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  1. Dear New Friends, I am new to this forum. After long waiting and saving, I bought a Ko Naminohira Tachi. The Sayagaki (from 1952) says: Hogen- era (late Heian, 1156). So say the sellers - both in Japan and here in Holland. Other people with knowledge maintain, though, the Tachi (which has one almost unreadable 'An' character near the peg hole) is of later date: Kamakura. Not necessarily based on the nakago - in the National Museum in Tokio there are a few Heian tachi's who don't have the characteristic Heian 'Pheasant Leg' but a nakago similar as mine ('chestnut') The Tachi is ubi, 77 cm cutting egde, 99 cm in total, has a relatively low waist - but you please judge it yourself - and weights a little 623 grams. It has its Tokobetsu Hozon and is judged als Jidda: Hogen in 1952. Is there anyone who is at home with the newest insights? For details, please see: https://kyodaiorigin...satsuma-by-yasuyuki/ Many thanks, robert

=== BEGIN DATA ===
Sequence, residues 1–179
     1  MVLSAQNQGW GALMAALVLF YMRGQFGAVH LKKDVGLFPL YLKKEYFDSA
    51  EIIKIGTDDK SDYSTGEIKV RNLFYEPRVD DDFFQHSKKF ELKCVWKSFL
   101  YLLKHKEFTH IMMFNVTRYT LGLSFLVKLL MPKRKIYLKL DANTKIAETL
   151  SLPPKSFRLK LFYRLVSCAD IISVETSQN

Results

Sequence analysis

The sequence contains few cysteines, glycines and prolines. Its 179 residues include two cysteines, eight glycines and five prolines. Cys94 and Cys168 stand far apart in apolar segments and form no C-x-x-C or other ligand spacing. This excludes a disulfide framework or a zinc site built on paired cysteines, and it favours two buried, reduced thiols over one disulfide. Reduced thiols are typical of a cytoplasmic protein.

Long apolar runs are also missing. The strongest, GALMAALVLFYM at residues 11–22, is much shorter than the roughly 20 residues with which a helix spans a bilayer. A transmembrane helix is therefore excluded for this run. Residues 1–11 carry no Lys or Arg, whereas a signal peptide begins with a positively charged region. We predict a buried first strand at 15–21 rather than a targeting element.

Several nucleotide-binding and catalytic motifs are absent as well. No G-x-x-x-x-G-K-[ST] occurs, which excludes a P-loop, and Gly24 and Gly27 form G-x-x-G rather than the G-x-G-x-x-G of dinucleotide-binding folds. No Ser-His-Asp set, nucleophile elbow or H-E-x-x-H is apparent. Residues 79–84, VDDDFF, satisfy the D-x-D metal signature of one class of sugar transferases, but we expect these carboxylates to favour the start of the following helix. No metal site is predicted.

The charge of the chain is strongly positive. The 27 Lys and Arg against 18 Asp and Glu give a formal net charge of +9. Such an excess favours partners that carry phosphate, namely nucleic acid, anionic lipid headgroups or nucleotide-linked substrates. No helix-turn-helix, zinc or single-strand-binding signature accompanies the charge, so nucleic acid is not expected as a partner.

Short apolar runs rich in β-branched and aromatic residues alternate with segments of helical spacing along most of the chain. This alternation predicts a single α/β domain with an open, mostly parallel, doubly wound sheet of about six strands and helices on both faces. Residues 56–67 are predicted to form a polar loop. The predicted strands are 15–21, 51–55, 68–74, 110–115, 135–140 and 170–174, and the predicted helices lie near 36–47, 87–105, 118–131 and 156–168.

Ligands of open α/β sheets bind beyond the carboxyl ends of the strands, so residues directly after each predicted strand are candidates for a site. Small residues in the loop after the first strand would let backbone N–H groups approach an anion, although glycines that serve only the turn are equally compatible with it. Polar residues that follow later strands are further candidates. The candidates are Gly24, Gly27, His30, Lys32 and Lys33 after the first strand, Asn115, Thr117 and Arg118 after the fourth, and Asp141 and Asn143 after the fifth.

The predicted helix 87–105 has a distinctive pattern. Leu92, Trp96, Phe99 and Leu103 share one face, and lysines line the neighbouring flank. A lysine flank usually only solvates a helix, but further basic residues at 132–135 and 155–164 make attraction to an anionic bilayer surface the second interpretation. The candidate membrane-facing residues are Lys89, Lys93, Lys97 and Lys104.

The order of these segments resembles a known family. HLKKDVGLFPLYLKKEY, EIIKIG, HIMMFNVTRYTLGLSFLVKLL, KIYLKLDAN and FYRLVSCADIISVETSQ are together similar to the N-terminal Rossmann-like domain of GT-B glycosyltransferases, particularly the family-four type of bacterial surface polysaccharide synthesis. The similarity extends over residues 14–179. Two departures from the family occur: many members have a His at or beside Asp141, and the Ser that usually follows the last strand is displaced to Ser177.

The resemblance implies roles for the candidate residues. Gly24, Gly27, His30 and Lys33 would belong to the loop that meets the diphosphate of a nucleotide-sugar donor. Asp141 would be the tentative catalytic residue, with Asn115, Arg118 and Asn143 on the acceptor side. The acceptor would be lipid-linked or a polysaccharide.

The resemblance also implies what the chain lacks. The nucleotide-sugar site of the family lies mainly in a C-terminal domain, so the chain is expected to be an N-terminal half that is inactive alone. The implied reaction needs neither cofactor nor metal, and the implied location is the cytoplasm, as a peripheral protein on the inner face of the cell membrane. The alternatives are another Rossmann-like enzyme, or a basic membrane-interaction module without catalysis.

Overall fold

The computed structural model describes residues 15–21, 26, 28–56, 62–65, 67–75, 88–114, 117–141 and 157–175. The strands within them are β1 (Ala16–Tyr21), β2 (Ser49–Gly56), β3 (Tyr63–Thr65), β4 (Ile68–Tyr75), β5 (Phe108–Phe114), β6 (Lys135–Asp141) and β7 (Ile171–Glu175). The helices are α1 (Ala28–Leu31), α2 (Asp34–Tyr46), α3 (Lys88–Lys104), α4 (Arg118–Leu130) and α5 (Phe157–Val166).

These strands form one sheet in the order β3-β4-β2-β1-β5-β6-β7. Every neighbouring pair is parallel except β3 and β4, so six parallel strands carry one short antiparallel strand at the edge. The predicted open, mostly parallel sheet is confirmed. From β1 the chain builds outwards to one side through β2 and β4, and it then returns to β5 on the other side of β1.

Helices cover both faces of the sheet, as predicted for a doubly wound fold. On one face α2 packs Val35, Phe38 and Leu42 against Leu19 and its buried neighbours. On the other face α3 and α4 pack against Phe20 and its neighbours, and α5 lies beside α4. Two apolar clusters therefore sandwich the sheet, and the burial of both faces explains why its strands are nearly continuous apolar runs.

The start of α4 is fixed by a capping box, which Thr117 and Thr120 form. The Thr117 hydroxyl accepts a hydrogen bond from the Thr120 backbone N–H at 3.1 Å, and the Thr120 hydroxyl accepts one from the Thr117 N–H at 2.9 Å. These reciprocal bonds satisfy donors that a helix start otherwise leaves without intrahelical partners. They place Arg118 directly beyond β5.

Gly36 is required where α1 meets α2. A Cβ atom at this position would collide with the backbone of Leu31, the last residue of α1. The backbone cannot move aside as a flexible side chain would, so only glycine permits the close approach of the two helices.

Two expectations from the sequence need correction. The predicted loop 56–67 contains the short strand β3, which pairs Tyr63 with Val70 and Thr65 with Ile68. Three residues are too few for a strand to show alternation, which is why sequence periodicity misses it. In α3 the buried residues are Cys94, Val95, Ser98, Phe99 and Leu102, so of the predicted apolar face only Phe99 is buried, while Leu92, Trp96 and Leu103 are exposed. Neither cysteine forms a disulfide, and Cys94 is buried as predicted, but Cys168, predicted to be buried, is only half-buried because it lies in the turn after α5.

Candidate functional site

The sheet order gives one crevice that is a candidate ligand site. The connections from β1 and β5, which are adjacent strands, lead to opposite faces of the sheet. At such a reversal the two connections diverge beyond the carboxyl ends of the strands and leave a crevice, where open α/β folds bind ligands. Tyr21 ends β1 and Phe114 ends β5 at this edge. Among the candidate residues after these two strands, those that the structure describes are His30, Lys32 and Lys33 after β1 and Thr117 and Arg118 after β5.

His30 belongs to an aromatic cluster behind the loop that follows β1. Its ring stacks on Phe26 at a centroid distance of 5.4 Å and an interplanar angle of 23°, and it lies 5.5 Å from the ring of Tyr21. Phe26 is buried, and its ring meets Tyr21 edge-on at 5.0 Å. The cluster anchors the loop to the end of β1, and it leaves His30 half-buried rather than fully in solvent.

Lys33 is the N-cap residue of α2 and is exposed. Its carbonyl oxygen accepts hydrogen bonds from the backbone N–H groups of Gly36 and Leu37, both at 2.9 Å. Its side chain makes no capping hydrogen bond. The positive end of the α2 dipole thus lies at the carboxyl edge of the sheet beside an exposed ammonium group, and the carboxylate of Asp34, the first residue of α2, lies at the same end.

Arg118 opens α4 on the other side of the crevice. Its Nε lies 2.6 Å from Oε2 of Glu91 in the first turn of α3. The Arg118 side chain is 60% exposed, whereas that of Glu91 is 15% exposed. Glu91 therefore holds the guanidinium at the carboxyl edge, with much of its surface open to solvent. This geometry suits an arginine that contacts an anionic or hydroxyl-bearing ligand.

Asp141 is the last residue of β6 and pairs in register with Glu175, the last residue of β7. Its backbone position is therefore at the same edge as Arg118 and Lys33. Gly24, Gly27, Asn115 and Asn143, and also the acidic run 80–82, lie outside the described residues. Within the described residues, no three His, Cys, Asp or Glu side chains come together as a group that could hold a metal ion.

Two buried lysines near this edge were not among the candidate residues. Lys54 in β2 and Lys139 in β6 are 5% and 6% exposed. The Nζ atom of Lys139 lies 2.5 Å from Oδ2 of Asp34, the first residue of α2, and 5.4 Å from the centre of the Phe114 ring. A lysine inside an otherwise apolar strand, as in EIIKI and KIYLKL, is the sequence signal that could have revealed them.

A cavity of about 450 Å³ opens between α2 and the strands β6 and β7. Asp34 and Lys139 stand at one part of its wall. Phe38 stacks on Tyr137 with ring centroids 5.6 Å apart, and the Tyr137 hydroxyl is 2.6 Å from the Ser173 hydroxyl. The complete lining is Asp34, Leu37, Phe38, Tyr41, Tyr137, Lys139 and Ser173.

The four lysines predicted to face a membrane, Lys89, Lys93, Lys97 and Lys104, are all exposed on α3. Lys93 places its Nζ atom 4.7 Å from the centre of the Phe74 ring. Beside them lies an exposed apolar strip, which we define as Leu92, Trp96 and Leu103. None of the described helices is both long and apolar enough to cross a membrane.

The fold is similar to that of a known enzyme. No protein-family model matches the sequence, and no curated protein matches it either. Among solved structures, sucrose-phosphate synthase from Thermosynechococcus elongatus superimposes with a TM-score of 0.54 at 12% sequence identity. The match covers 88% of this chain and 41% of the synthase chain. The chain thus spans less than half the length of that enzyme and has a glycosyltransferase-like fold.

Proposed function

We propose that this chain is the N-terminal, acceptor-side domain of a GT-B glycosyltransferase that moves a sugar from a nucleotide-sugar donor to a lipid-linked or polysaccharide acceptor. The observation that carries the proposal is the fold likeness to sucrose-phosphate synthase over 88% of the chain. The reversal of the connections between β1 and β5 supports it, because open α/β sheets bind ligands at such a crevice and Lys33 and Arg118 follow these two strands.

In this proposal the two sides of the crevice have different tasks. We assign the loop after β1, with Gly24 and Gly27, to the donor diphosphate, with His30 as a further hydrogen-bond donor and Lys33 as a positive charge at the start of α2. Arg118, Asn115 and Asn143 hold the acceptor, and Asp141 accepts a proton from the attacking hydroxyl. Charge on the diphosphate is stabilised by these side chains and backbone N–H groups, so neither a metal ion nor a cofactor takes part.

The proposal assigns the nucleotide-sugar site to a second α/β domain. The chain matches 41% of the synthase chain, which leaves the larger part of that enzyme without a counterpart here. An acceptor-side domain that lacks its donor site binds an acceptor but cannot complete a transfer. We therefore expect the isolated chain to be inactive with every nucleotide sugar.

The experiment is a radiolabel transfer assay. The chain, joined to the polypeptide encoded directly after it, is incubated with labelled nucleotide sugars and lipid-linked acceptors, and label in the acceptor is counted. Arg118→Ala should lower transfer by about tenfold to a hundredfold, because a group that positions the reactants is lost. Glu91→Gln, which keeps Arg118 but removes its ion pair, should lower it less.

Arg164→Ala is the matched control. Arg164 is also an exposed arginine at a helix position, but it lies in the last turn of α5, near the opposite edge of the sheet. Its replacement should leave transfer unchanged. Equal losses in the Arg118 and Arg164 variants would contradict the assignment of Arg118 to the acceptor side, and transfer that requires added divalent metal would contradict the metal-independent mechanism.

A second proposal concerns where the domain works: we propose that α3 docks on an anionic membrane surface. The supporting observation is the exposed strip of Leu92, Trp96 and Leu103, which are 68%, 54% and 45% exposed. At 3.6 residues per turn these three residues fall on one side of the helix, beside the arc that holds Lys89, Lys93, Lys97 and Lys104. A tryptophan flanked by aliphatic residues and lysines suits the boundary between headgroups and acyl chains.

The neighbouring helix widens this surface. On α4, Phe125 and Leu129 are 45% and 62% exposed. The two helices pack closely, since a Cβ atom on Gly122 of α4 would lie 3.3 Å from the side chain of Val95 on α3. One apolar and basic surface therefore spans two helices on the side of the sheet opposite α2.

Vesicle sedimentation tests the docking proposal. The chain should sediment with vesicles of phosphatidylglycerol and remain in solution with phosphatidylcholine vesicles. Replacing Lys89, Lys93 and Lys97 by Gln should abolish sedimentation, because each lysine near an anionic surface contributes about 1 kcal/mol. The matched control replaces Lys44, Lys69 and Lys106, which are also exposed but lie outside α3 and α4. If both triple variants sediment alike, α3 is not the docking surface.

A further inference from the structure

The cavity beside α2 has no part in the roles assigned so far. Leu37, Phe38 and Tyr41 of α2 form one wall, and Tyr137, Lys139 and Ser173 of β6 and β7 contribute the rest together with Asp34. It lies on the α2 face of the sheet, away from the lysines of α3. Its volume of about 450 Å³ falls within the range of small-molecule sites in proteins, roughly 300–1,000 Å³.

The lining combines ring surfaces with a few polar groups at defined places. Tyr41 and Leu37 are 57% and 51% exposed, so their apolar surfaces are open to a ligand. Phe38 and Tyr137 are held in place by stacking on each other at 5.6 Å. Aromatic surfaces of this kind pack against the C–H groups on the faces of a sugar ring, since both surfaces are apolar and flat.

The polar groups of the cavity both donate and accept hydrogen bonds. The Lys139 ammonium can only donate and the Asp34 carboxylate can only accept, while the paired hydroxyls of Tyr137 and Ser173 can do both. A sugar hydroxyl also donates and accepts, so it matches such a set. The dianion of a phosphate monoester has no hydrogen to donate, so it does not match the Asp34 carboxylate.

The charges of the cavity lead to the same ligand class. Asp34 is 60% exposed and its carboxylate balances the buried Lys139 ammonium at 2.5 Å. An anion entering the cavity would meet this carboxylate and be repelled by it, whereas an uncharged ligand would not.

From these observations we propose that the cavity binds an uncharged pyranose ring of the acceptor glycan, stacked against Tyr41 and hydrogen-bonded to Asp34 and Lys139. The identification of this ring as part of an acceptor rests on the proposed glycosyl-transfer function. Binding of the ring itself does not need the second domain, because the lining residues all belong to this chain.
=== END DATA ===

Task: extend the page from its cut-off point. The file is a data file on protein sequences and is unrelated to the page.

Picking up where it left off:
2. Please help. Think date is 1505.
  3. Dear All, I have a table booked at the Birmingham Antique Arms Fair this coming Sunday. I have some swords, tsuba, books, a yari and a sword chest to sell. Prices will be competitive and I'm open to a degree of haggling so please swing by to try to snag a bargain. Alternatively, just drop by and introduce yourselves. I'll add a list of items and prices shortly and if anyone would like further details or photographs please PM me. Hope that's OK with the mods...and as I'm using the forum to plug my sale, a donation will be made. Thanks in advance for looking.